It seems to me that the word equilibrium is very closely related to predicting the future.
Do you know how the vestibular system works? There are three fluid-filled semicircles in the inner ear that have sensitive receptors. One hemisphere signals to the brain the position of a person in the horizontal plane, the second in the vertical plane, and the third one informs about forward and backward movements. Those who use a smartphone with an accelerometer and gyroscope will quickly understand. 🙂
The dramatic consequences of damage to the vestibular apparatus (e.g. due to illness or medication abuse) are described in Brain Plasticity by Norman Doidge, M.D:
A person not only loses the ability to move normally, but even when seated in a chair, he falls helplessly from it. And when lying down, he feels himself continually falling into a bottomless abyss. This condition literally drives patients insane.
It seems to me that in each of us lies the ability to maintain a balance on the path to the future. The fact that the human brain continuously predicts the future (calculates the consequences of certain actions and options of external events) has been known to science for a long time. Moreover, many neurobiologists assume that the mystery of human consciousness is connected exactly with the predictive ability of the brain.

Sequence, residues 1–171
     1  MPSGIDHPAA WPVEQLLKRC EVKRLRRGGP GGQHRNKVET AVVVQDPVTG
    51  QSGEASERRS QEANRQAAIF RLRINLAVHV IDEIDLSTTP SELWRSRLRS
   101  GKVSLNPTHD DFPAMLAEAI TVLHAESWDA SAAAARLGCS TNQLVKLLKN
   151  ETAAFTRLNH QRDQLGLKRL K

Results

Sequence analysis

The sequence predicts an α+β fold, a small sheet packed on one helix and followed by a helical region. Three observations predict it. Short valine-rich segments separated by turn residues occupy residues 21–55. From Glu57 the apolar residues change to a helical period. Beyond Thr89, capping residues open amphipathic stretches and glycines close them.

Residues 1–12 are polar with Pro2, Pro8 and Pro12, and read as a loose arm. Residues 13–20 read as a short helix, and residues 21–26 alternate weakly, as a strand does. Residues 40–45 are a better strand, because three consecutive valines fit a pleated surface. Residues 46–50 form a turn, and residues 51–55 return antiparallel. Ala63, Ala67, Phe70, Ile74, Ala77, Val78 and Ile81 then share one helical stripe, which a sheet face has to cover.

But at the same time we can see from the state of affairs on the planet that the forecasting horizon of the majority of people is not very wide yet. A minute, a day, a week… And it takes more, much more, for life to come into balance.
The man have a better sense of the direction in which the future is leaning if:
- it takes into account the interests of more and more people;
- it tries to make sense of more and more events and phenomena;
- he relies not only on the authority of ideologies, concepts, and traditions, which tend to become obsolete, but also on his own inner sense of balance.
This way you can sense the direction in which the future is leaning and you can do something about it in advance.
Fortunately, there are more and more such people. At least that’s what my own sense of balance tells me. 🙂
3. How I traded other people’s talents for my own
Five years later, I encountered an unexpected creative problem. Before, I had never complained about my lack of wit: as soon as I concentrated on a topic, I could almost immediately “fire off” a ready-made aphorism or generalization. But now I suddenly noticed that I was having more and more difficulty with short and apt phrases.
Finally, there came a time when I could have spent ten, fifteen minutes, or half an hour trying to come up with a killer phrase that was begging for at the climax of the article. I kept coming back to this fragment several times a day, but I couldn’t come up with anything special.
Of course, by that time I had become a much more skilled craftsman in many respects than I had been in my youth – but some of the aerobatics had suddenly become inaccessible to me.
My first thought: here comes old age. 🙁
It is not for nothing that they say that the human brain develops after 20 years in only one direction – towards degradation. And I was already over thirty. I made several deliberate attempts to regain the lost skill. And one day in the course of these experiments a thought struck me so vividly that my brain was no longer a “black box” to me: I understood how it functioned!
I realized that I demanded the impossible from my brain. What it is physically unable to do now, because my brain have physically changed.